Oklahoma Teachers Show What a Movement Looks Like

View of the crowd during a rally and walkout by Oklahoma teachers at the state Capitol in Oklahoma City, Monday, April 2, 2018. Photo by Nate Billings, The Oklahoman

New Orleans    Grabbing the mantle of a movement often seems like a first impulse for many protests and campaigns but reaching for it is not the same as being a movement.  At the same time there are signs that can’t be missed when a real movement is stirring.

I found delightful evidence in what many might find an unusual place between the covers of a recent New Yorker in a deeply reported story by Rivka Galchen about the stirring of Oklahoma teachers and many other Oklahomans.  Their cause is opposing legislative logjams and drastic cutbacks in state support of schools that has stripped a billion dollars out of the budget in recent years.  Wages are certainly part of their fight, since they only make a fraction of what the West Virginia teachers won recently, but it’s so much more.

And, that’s where the signs of a movement emerge.   Here’s some evidence:

Heather Cody … helped organize a protest march from Tulsa to the capital [in Oklahoma City].  [Craig] Hoxie [who had organized teachers in a Facebook group] and other teachers packed enough food and water for several days, knowing that they would be walking long stretches through sparsely populated areas.  “But it soon became apparent we didn’t need to carry anything,” Hoxie said.  “We’d top a hill and then we’d see a family there by the side of the road, with the bed of their truck loaded with water bottles, bananas.”  This kept happening. “An interfaith alliance kept feeding us dinner each evening.  High schools opened gymnasiums for us to sleep in, pulling out their wrestling mats…We were walking through parts of Oklahoma that have barely even recovered from the oil bust of the nineteen-eighties,” Hoxie said.  “They all came out for us.  I didn’t know how they even knew where we were.”  On the seventh day, Hoxie and other teachers woke up in the high school library in Jones.  Several hundred people were waiting outside to walk the last nineteen miles with them.  A high school marching band led them the last mile to the capitol, where thousands of people greeted them.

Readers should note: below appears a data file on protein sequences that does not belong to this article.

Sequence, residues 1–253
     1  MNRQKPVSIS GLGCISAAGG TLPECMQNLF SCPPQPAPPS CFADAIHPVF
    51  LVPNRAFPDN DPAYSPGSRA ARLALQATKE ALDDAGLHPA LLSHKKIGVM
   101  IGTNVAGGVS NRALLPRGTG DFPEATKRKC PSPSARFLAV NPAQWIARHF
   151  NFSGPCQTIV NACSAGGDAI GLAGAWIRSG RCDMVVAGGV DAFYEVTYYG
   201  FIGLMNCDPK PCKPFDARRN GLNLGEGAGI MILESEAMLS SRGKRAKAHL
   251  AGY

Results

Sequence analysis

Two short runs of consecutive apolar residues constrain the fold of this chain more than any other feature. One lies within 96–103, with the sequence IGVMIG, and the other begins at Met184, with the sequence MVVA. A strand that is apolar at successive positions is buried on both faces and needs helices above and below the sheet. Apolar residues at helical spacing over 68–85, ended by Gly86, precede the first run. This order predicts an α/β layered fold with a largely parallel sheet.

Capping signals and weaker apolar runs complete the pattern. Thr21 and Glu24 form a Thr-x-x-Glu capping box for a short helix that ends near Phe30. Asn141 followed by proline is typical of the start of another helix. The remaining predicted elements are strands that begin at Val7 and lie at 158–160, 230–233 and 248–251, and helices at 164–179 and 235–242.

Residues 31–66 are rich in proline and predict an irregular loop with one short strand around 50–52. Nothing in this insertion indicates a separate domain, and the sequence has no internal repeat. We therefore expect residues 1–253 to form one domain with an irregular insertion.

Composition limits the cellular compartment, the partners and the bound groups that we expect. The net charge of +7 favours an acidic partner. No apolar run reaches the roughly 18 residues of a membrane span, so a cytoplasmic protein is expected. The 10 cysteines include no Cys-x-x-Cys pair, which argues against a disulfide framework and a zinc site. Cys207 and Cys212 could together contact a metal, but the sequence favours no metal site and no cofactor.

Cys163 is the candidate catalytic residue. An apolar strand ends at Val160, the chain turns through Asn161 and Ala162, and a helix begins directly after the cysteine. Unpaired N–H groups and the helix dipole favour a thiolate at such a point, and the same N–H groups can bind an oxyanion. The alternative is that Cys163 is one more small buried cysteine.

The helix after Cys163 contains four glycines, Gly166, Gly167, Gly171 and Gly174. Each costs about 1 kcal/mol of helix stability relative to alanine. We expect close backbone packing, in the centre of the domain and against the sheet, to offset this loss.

See what I mean?

Where’s the union?  Nowhere?  Weakened by these wars.  This is a story of people – teachers in this case – stepping up and people voluntarily responding.

These kinds of things are the signposts of real movements.  The mossbacks of Oklahoma and elsewhere need to be scared.  Very scared.  The teachers are moving.  The people are with them.  Change is coming.  Guaranteed.

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